“Safe surgery should be a basic right that is available to all women who require it during childbirth.”

Isabeau is a Consultant Paediatric Anaesthetist in London, Vice President of the Association of Anaesthetists of Great Britain and Ireland and a trustee of Lifebox Foundation.

Who needs a Caesarean section?

We are so used to people talking about caesarean section rates that are too high, and women who are ‘too posh to push’. But for a woman in obstructed labour or with a low-lying placenta, a caesarean section is a life saving procedure, for herself, the baby, or for both…

Safe surgery should be a basic right that is available to all women who require it during childbirth.

Is this not the case?

No, this is definitely not the case. Thousands of mother’s lives could be saved if surgery was prioritised within all health systems. Tens of thousands could be saved from debilitating injuries, and millions of stillbirths, neonatal deaths, or newborn birth injuries could be avoided.

The rates for caesarean section in poor communities in sub-Saharan Africa or southern Asia are consistently less than 2%. It isn’t clear what the ‘minimum’ rate for caesarean section should be, although some academics have suggested that at least 5% of all births should be by c-section; so it is likely that many women die in these communities because they don’t have access to safe surgery.

Thousands of mother’s lives could be saved if surgery was prioritised within all health systems, not just those in high-income countries. Many more women could be saved from debilitating injuries, and millions of stillbirths, neonatal deaths, or newborn birth injuries could be avoided.

What does this mean for a woman in labour in a low-resource country?

Lamula’s story is a true account written by Juliet Tumwebaze, an anaesthetic officer working in Uganda.

Lamula was a mother from a rural village in obstructed labour, carried on the back of her husband’s bicycle ‘amidst her screaming’ for 4 hours to the local health centre. When she got there, they found that the hospital was not equipped to help her.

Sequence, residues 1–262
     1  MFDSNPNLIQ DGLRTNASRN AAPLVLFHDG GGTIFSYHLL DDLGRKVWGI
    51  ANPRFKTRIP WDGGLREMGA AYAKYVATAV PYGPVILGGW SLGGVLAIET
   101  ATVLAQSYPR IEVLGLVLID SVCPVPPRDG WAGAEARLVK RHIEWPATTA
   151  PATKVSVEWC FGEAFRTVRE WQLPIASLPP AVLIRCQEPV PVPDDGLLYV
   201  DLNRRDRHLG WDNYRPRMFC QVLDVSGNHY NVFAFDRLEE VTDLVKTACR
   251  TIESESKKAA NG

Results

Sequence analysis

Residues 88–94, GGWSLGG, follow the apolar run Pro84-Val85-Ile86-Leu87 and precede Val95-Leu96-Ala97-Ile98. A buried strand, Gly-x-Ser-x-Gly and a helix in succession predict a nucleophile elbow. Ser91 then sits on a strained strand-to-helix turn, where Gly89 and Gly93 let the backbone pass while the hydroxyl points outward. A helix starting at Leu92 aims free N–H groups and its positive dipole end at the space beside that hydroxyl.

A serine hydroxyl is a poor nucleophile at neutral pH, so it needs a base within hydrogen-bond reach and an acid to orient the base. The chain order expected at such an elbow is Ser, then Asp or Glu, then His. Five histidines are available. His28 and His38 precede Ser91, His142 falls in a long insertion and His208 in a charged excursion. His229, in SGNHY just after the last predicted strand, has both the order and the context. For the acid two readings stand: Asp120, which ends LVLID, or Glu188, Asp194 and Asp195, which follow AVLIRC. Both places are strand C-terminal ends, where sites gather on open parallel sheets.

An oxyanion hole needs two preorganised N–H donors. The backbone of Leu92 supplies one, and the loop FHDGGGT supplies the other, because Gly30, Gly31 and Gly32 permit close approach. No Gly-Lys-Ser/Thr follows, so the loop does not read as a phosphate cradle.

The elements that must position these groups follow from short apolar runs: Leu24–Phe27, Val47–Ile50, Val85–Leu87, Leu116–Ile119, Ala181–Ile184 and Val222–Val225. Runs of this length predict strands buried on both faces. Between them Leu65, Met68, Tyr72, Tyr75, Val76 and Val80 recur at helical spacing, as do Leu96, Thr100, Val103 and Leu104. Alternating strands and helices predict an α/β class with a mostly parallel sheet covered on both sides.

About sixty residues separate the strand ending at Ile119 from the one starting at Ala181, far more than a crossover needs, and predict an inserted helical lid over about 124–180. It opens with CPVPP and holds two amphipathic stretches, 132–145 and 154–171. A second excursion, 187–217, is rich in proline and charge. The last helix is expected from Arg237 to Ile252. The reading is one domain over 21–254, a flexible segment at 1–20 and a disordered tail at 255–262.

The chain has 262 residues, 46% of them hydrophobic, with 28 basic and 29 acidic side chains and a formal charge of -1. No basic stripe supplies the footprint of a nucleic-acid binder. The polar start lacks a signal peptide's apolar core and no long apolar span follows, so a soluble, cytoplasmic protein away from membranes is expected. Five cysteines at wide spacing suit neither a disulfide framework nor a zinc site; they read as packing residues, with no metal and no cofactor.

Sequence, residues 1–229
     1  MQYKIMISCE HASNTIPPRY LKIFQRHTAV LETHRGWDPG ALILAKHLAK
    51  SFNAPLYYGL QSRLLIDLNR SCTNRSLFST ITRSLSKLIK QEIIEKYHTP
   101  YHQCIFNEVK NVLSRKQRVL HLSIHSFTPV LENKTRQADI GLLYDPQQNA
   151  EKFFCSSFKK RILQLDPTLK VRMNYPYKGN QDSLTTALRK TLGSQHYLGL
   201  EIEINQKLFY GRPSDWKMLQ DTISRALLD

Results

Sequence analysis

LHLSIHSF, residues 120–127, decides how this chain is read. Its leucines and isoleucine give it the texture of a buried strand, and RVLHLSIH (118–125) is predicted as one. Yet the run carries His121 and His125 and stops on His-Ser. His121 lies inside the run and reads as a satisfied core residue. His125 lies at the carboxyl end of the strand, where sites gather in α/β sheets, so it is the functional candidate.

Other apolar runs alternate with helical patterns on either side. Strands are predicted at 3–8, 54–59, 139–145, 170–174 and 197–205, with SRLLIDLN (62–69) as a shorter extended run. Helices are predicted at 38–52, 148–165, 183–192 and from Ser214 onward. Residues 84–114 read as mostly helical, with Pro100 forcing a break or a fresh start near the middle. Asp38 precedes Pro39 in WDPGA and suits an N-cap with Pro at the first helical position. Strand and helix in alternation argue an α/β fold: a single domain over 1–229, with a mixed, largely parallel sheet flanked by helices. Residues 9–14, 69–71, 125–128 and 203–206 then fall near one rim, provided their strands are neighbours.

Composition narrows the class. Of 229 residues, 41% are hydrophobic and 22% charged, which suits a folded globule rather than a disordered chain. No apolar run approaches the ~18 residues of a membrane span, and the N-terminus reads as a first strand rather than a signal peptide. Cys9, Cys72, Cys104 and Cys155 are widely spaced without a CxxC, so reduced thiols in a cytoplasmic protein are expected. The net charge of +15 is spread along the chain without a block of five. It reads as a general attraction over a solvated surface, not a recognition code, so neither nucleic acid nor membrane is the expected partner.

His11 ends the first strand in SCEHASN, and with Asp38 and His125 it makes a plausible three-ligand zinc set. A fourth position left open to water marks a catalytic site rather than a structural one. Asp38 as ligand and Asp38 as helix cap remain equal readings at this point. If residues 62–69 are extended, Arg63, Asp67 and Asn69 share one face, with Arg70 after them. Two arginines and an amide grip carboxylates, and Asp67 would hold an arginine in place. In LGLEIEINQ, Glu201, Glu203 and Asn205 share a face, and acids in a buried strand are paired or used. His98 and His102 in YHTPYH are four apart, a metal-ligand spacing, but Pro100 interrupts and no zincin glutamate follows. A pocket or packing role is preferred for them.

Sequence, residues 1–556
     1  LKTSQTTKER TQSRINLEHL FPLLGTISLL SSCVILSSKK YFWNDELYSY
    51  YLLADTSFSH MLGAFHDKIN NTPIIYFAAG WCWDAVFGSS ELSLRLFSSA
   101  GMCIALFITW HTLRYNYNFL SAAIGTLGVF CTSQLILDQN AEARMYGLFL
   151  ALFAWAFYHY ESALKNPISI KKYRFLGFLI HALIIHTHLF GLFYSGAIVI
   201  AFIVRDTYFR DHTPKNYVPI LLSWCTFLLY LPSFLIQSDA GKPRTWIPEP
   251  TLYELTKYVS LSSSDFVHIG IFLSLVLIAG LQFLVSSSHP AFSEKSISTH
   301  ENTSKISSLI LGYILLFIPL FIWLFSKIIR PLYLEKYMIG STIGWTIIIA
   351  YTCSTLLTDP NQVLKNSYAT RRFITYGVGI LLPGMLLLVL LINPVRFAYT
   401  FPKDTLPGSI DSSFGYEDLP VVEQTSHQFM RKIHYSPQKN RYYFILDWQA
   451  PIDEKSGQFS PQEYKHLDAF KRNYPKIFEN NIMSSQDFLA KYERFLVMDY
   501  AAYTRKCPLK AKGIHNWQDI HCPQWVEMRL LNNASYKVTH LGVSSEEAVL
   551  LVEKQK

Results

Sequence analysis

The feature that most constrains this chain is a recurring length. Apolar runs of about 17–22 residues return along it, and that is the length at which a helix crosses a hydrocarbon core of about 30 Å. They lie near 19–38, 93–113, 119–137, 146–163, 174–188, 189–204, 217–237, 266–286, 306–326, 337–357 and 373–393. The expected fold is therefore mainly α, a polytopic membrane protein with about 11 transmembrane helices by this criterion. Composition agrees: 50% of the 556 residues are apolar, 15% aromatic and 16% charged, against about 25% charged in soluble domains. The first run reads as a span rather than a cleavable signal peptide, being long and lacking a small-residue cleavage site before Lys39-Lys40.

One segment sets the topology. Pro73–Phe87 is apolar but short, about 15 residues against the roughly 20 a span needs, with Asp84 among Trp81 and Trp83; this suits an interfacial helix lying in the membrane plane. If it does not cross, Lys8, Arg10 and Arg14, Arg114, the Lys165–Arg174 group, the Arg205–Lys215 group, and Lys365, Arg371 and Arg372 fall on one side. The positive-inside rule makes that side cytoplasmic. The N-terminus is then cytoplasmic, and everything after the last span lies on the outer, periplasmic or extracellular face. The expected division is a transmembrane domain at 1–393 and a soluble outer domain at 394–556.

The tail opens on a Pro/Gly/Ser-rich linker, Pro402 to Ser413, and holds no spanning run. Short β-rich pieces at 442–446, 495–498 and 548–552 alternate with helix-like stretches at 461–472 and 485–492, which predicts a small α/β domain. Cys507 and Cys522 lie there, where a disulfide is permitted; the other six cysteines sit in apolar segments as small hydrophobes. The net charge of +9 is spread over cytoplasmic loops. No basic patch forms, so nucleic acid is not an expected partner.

WHO has estimated that 800 women die every day due to complications of pregnancy or childbirth, and 7300 babies are stillborn, with almost half of stillbirths occurring when the mother is in labour. 99% of these deaths occur in low-resource countries and could be avoided.

Is global surgery keeping pace with technology?

As we develop ever more sophisticated equipment to improve patient safety in high-income countries, patients in low-income countries are denied even the most basic of surgical care. The gap between what we know and what we can deliver in poorer parts of the world seems to be widening.

Does that mean available surgery becomes unsafe?

Yes, definitely. A number of publications in the last few years have surveyed facilities in rural hospitals in sub-Saharan Africa, and found that they are not staffed or equipped to deliver even basic surgery. So there is poor access to surgery, and when surgery is provided, the essential equipment to provide safe surgery is often not there.

What are the repercussions?

When a young woman dies during childbirth, it is a tragedy for the whole family. The health, education and economic prospects for the entire family are affected, and the risk of the surviving children dying is increased. An effective way to make a difference is for patients to stand up and tell their stories, and to demand better services. Sadly, these women’s voices are rarely heard, so it is particularly important on International Woman’s Day that we tell their stories in solidarity.